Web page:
Psychopaths and Nazis are fun to write about. I’ve written about both. Henry Turner (Any Tomorrow: The Calling) is a classic psychopath―cold, unemotional, violent, and abusive. Of course, since the Any Tomorrow series is dark fantasy, the trigger for his psychopathy isn’t his childhood or his hatred for small furry animals. It is something darker and much more sinister. But you can bet that when a psychopath or a Nazi enters the storyline something very bad is going to happen.
I’ve written about my fascination with psychopaths in previous posts, and even about Nazis, so once touched, you’d think I’d move on to something new. Well, I have. Only one of the novels I have in the bin awaiting publication have either a psychopath or a Nazi.
The thing is that recently I watched an episode from the National Geographic Channel’s “Nazi Underworld” series that got me to thinking about how Nazis, psychopaths, and CEOs may be related.
Do Nazis, psychopaths, and CEOs seem like an unequal pairing? Well, maybe not.
Normally when I think about the Nazi leadership (Hitler, Himmler, Speer, Goering, etc.), the first word that comes to my mind is “evil”. The second word is “psychopath”. Those are quickly followed by terms like mass murder, genocide, and torture. But I had never thought about Nazis as businessmen. The NatGeo series, based on new evidence from financial records, suggests that the Nazi desire to acquire wealth and power may have provided a motive equal to or surpassing any ideological motivation. In this context, the methodical extermination of the Jews and acquisition of their wealth was simply a means to an end. But it wasn’t just the Jews that were wealthy targets. New evidence suggests that the Christian Churches were next.
Adolf Hitler was the CEO and the others his corporate officers. While the Nazi Party grew, their leadership became fabulously wealthy, even though inflation was phenomenally high and average workers fought over scraps of bread. Even though certain portions of the population must have been aware that they were being duped, effective use of propaganda by the Nazis led the populace to accept them, support them, and, in some cases, actually help enforce their reign of terror. The Nazi leaders were cold, uncaring, and greedy, but were they psychopaths?
Jon Ronson, The Psychopath Test: A Journey Through the Madness Industry, provides a fascinating look at psychopaths and the psychological research associated with the study of psychopaths. (Don’t be intimidated, it’s a fast moving easy read.) He talks about Bob Hare, creator of the PCL-R Test, a 20-step Psychopath Checklist. Hare suggests that many CEOs, like Hitler, share the common attributes of a psychopath. (The actual number is unknown, but Hare suggests that the number of psychopaths on Wall Street may exceed 10%. More here.)
“People who are psychopathic prey ruthlessly on others using charm, deceit, violence or other methods that allow them to get what they want. The symptoms of psychopathy include: lack of a conscience or sense of guilt, lack of empathy, egocentricity, pathological lying, repeated violations of social norms, disregard for the law, shallow emotions, and a history of victimizing others.” – Robert Hare, Ph.D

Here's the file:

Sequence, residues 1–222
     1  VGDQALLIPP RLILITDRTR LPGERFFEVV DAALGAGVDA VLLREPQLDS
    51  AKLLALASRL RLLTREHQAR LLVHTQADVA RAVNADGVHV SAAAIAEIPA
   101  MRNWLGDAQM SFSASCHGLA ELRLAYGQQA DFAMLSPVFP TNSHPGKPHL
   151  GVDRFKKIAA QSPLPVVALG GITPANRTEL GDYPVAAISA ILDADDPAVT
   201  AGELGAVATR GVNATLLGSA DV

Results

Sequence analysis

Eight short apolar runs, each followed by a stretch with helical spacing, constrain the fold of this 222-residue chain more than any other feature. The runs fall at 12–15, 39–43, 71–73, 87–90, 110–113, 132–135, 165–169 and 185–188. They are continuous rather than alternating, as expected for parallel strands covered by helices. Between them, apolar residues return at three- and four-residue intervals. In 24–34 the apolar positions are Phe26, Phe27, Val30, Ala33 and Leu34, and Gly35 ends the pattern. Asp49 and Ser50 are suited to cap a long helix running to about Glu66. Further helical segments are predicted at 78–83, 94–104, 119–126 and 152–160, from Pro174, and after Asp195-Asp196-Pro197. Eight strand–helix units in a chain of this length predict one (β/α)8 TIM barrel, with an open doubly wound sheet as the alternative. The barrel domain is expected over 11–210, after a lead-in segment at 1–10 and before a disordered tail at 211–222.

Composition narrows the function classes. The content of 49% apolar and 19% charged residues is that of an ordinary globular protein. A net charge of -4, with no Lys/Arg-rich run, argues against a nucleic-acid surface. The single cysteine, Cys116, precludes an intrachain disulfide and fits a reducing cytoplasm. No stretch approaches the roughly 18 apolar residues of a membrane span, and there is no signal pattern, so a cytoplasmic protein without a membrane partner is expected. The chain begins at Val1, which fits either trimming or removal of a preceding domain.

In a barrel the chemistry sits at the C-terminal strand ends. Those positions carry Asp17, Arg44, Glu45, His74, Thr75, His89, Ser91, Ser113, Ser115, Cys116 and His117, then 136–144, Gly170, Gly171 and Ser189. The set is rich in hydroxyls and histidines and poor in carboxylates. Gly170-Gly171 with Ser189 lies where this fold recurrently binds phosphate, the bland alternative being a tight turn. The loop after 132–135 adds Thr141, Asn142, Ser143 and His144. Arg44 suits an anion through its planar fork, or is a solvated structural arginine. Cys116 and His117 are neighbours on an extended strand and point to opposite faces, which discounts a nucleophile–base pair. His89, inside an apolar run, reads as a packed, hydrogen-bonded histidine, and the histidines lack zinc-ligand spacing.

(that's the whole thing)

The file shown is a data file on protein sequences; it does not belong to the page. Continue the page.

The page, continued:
It’s just that the psychopathy of a sitting CEO is more difficult to test since his psychopathic behavior has made him a success and success in Western society is everything. Ruthlessly acquiring and gutting corporations, then escaping with a golden parachute is just good business. The destroyed lives and ruined communities don’t matter―it’s just the collateral damage from good business.
And so it comes round full circle, if what the new evidence suggests is correct, then the murder of millions in Europe prior to and during World War 2 was the means to acquire wealth. The dead and damage were collateral damage. The corporate leaders of Nazi Germany were greedy capitalists getting all they could while they had the chance. Had Bob Hare administered the PCL-R to them, I’ve no doubt that most, if not all, would have qualified as psychopaths. Hare’s research might take it a step further to suggest that their qualification as psychopaths puts them in the same company as many successful corporate CEOs.
The only difference between the Nazi corporate leadership and the corporate leadership of a major corporation is one of scale. The Nazi corporation owned all the resources for the whole country, while the corporate leadership of a major corporation doesn’t. The corporate leadership of a major corporation has some checks and balances. But what if it didn’t?
What if the CEO was in charge of the whole nation, including the military? Would his psychopathic behavior be limited to gutting corporations? Would it still be limited? As a writer I find this possibility intriguing. As a citizen I find the possibility of a CEO as President of the United States is terrifying.
But this is a blog about fiction. Take what I’ve written, check out Ronson’s book, watch NatGeo for the series and then let me know what you think. What if the president was a psychopath? What would it take for the country to blindly follow him? Would the result be dystopian or a brave new world?